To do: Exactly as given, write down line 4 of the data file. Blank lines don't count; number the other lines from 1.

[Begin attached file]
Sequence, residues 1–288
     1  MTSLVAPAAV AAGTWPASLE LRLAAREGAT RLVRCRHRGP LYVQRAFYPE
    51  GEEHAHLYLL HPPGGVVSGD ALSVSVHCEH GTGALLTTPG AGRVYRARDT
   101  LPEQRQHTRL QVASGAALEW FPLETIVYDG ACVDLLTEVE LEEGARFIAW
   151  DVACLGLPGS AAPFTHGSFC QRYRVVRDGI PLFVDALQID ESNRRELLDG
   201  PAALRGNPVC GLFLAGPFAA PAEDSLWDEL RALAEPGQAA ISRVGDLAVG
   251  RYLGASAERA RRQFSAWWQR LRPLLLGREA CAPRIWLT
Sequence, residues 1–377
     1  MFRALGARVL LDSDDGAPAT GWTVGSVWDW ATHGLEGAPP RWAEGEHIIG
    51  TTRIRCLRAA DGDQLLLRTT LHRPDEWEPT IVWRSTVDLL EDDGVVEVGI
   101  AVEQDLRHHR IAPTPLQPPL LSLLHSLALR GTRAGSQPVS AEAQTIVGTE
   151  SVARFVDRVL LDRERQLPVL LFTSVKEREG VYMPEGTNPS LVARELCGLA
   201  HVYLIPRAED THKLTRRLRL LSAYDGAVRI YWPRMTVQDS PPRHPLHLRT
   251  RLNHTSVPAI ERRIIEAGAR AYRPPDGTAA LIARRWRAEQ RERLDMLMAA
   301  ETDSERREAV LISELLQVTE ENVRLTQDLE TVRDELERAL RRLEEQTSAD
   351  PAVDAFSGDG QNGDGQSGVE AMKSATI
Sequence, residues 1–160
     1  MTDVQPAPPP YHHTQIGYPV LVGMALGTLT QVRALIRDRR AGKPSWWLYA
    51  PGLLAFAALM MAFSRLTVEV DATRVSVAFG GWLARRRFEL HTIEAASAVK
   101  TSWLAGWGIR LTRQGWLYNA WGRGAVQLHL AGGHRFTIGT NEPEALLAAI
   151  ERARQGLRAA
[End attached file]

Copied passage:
   101  LPEQRQHTRL QVASGAALEW FPLETIVYDG ACVDLLTEVE LEEGARFIAW